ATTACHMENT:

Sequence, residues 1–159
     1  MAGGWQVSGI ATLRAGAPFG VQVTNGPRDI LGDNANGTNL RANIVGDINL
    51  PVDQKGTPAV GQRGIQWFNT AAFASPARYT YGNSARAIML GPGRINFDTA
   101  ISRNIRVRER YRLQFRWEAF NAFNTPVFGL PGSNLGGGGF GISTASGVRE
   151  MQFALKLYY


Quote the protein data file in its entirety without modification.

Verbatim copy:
Sequence, residues 1–159
     1  MAGGWQVSGI ATLRAGAPFG VQVTNGPRDI LGDNANGTNL RANIVGDINL
    51  PVDQKGTPAV GQRGIQWFNT AAFASPARYT YGNSARAIML GPGRINFDTA
   101  ISRNIRVRER YRLQFRWEAF NAFNTPVFGL PGSNLGGGGF GISTASGVRE
   151  MQFALKLYY